When you are a fashion designer, you must have the creativity to tell stories through clothes that fit the personality and the needs of your clients. You must meet the deadlines, the themes, and the dress codes of the parties but also stay true to yourself. You must also do everything you can to make sure that the clothes you are creating get as much praise as attention as they can and that your client feels spectacular when that happens. This wasn’t the case for Harris Reed. The British American designer, who is the creative director of Nina Ricci, arrived at the Met Gala with Demi Moore. Both of them were wearing clothes created by Reed. The aesthetic was consistent, however, Reed’s were significantly more produced. There was a headpiece that added more height to her already +6ft tall height. There were flounces on her jumpsuit, there was a print, and there was a tail.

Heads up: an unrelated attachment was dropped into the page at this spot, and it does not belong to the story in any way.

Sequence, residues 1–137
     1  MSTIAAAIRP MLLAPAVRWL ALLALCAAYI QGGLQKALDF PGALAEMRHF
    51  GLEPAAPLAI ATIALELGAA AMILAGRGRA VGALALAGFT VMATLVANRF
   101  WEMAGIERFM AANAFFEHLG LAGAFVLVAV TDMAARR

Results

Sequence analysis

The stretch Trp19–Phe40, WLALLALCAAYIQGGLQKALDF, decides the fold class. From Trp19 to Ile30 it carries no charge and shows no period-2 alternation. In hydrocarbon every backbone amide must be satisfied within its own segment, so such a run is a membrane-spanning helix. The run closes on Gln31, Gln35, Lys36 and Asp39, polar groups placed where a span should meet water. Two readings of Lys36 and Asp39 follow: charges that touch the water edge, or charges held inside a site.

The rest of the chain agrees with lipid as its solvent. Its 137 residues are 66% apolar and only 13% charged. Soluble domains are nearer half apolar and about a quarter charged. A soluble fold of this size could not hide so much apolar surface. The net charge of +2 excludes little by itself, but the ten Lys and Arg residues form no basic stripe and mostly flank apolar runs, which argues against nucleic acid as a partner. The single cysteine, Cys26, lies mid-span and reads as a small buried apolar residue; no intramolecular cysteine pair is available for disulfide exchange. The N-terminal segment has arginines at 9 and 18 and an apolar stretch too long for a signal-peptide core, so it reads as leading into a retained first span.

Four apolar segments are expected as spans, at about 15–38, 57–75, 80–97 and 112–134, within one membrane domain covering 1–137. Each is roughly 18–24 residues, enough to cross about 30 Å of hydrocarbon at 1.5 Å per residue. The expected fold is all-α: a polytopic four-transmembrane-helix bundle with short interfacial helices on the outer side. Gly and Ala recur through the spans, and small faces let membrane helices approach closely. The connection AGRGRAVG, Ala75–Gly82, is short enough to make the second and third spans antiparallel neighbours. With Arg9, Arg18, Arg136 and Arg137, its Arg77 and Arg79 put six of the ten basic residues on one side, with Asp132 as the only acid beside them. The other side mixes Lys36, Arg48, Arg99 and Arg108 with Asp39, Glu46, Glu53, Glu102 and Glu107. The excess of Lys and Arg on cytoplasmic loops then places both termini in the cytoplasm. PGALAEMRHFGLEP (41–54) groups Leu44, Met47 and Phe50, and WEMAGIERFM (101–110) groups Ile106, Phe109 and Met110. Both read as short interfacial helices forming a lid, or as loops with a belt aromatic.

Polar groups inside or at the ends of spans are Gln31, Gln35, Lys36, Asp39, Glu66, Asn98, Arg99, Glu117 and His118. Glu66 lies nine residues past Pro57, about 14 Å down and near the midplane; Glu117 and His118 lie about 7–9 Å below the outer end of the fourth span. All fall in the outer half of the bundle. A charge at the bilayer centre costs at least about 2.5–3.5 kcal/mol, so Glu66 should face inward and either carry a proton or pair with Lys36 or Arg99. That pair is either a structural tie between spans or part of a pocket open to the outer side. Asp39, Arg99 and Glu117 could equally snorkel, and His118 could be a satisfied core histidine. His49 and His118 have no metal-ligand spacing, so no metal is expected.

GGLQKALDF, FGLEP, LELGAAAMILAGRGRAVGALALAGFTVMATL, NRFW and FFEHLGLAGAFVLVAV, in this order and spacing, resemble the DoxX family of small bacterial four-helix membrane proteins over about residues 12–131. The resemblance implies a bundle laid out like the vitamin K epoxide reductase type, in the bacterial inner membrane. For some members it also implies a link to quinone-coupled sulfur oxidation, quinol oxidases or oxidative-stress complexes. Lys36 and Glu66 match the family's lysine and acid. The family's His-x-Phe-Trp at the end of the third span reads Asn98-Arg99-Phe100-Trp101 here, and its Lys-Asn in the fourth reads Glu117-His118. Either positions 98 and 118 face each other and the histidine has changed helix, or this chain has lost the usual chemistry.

When the two figures arrived on the carpet, there was cohesion between the two outfits, however, Moore was constantly hit by Reed’s flamboyant outfit. It almost seemed as if the designer was competing for attention with her muse. This could have been prevented by walking at different times on the carpet, or by not making the height gap between Moore and Reed so much larger than it already was before the headpiece. 

Demi Moore Met Gala: Look Details, Cartier Jewelry
Demi Moore and designer Harris Reed at the Met Gala.

At the Met Gala…was the fashion silent or was it silenced?

Nicole Kidman is wearing Balenciaga inspired by a classic piece from the Spanish house created in the 1960s. Image Courtesy of Vogue.
Flamenco inspired gown by Balenciaga. Image Courtesy of Vogue.